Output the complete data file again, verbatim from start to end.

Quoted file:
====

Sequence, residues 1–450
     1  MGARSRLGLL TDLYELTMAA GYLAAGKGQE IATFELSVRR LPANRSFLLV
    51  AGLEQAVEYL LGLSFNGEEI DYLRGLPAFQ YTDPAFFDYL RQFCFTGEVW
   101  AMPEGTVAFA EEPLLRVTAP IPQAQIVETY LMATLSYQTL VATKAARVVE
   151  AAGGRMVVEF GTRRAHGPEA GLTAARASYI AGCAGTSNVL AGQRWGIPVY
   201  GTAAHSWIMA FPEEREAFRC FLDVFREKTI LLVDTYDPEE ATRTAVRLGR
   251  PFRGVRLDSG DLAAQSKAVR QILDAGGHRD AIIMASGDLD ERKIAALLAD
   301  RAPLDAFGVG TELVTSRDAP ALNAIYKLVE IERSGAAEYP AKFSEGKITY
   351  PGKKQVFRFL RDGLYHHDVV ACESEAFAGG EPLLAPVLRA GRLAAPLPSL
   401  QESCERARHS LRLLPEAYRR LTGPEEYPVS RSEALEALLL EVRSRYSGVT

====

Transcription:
Sequence, residues 1–450
     1  MGARSRLGLL TDLYELTMAA GYLAAGKGQE IATFELSVRR LPANRSFLLV
    51  AGLEQAVEYL LGLSFNGEEI DYLRGLPAFQ YTDPAFFDYL RQFCFTGEVW
   101  AMPEGTVAFA EEPLLRVTAP IPQAQIVETY LMATLSYQTL VATKAARVVE
   151  AAGGRMVVEF GTRRAHGPEA GLTAARASYI AGCAGTSNVL AGQRWGIPVY
   201  GTAAHSWIMA FPEEREAFRC FLDVFREKTI LLVDTYDPEE ATRTAVRLGR
   251  PFRGVRLDSG DLAAQSKAVR QILDAGGHRD AIIMASGDLD ERKIAALLAD
   301  RAPLDAFGVG TELVTSRDAP ALNAIYKLVE IERSGAAEYP AKFSEGKITY
   351  PGKKQVFRFL RDGLYHHDVV ACESEAFAGG EPLLAPVLRA GRLAAPLPSL
   401  QESCERARHS LRLLPEAYRR LTGPEEYPVS RSEALEALLL EVRSRYSGVT